BY JAMIE LOBER
Defending yourself doesn’t always mean you have to learn martial arts. One of the most purposeful missions your child may complete is finding a middle ground between the need for independence and social backing. “Bullying occurs at all ages, with name calling and hitting in early stages and becoming more sophisticated and targeted like girls ostracizing and keeping people out of a group. Bullying happens in environments where people don’t respect differences,” explains Dr. Deborah Moore-Sanders, lead psychologist for Houston County Schools. You cannot accept this as normal and part of growing up, as it can have a negative outcome on self-esteem. As a parent, it is instrumental that you support your child as he develops emotionally, mentally, and socially. You must accept him whether he is the victim, the bully, or both.
Yes, both. “Bullies may often be former victims who have learned to bully,” Barbara Newton of Southern Behavioral Services tells us. You can help your child create a positive self-concept that assures him he does not need to feel disturbed or emotionally hurt by the bullies. If you are not sure if your child may be affected, pay attention to how he acts. “Look for any kind of significant change in behavior such as coming home and slamming the door. If your child is upset or comes home and slams the door. Have open communication to your child and ask what happened in school, so if something happened your child will more readily be able to tell you,” recommends Roselle Holcombe, LPC of Burke Elementary School.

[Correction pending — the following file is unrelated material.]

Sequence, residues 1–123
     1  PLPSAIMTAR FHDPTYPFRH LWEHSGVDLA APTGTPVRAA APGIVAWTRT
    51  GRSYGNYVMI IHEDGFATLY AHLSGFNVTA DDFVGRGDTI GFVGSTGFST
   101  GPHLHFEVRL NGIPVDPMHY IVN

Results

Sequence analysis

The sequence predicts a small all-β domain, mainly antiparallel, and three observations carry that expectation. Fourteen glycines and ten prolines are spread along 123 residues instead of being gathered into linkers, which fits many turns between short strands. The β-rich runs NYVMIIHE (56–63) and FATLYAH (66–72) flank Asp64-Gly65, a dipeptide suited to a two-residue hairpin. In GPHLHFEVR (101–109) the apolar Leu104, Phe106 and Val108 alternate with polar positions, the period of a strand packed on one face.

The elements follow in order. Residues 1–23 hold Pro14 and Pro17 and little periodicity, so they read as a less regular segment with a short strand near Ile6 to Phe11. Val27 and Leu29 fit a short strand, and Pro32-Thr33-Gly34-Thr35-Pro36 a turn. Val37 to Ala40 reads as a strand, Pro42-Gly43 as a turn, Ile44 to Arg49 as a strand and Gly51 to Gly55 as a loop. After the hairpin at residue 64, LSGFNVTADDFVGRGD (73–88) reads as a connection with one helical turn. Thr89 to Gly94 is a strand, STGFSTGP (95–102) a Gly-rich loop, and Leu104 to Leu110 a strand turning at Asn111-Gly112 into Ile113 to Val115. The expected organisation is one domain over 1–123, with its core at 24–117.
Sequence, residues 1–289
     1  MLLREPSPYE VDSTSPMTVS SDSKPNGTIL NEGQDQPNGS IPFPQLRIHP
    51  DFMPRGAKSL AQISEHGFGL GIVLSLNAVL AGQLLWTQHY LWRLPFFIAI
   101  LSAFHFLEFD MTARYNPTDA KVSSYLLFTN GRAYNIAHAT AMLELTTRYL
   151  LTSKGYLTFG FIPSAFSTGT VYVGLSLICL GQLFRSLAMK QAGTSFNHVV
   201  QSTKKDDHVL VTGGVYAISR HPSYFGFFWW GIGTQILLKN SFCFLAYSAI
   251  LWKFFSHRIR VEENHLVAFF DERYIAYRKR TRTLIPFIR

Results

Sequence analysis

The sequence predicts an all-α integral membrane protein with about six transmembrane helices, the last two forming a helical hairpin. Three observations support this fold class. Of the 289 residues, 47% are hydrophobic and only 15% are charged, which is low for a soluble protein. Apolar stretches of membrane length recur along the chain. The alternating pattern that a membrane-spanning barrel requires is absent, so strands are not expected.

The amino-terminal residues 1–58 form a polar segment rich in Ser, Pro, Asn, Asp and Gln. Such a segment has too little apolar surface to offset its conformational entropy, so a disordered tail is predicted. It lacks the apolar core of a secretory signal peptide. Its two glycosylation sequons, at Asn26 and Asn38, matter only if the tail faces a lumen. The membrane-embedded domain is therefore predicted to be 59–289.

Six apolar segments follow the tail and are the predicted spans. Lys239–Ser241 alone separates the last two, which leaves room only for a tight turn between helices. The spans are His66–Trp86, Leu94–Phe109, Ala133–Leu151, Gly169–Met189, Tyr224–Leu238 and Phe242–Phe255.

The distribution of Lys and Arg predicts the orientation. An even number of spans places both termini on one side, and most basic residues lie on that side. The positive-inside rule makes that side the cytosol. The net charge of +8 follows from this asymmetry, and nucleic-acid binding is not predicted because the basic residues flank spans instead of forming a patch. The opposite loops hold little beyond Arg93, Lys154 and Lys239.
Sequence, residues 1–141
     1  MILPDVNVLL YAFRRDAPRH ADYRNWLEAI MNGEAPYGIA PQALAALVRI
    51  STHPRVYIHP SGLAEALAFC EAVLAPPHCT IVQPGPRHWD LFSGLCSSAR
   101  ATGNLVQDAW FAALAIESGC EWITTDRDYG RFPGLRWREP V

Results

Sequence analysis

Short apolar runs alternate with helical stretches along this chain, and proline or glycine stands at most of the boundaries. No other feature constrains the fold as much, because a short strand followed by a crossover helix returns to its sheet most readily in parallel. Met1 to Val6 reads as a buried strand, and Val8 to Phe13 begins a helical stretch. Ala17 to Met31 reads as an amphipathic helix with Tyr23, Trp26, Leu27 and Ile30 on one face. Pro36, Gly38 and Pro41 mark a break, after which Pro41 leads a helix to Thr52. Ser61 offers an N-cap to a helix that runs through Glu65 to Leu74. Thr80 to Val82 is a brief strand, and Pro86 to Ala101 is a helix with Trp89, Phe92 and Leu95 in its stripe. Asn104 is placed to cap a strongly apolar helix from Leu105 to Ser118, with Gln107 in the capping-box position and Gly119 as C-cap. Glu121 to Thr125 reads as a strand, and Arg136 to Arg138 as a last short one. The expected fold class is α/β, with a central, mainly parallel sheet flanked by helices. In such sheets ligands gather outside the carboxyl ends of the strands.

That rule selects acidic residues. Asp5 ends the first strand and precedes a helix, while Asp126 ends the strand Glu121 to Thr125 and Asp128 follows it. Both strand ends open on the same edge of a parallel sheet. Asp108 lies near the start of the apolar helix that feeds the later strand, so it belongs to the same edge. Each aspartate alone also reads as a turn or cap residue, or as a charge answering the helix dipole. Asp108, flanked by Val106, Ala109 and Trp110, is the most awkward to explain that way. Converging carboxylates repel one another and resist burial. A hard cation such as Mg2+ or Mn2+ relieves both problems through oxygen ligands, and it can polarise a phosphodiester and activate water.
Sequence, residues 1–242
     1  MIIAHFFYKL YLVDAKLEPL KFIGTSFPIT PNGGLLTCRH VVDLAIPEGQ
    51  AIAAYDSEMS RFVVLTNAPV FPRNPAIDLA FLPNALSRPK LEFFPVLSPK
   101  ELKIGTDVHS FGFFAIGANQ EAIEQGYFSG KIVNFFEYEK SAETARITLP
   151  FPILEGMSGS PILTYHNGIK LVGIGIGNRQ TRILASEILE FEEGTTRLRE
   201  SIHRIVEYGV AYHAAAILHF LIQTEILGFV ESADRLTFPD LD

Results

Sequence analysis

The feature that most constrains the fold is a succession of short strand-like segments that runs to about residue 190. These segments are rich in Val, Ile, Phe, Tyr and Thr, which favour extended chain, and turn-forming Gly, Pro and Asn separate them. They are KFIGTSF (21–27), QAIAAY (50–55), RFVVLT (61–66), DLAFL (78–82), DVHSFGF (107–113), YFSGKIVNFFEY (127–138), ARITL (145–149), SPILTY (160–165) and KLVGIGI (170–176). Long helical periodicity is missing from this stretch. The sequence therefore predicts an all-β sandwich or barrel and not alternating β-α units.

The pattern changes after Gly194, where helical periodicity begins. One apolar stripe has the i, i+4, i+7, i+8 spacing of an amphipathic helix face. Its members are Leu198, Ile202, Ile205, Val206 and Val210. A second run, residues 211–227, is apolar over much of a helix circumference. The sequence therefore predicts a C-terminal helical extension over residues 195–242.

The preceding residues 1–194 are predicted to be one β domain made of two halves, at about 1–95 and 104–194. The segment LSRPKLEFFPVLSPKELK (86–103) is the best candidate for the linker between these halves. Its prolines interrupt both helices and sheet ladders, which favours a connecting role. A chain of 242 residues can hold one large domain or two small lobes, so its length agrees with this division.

If your child is submissive, prefers to spend his time with a few friends, is of a minority race or religion, is overweight, has freckles, is a poor student, is thought to be gay or lesbian, and/or is easily intimidated, he is probably going to be victimized sometime. A child can be vulnerable for any trait that makes him stand out, whether it is height, academic ability, or disability. It is important to let your child know that his school does not tolerate bullying, and it is critical to report it to a teacher, counselor or other adult. He will need your encouragement to do this as “your child may feel embarrassed, ashamed, and often believe that what the bully says is true. Make sure he knows that the bully is really not very powerful and that is why he bullies,” explains Newton. Offering positive support will raise his self-esteem and make him stand up to the bully. You must inform your child that the bully wants to incite a response and that something as simple as saying “leave me alone” or not responding at all may have a surprising, good outcome. Eventually, the bully will figure that your child is not affected and will find someone else who may be.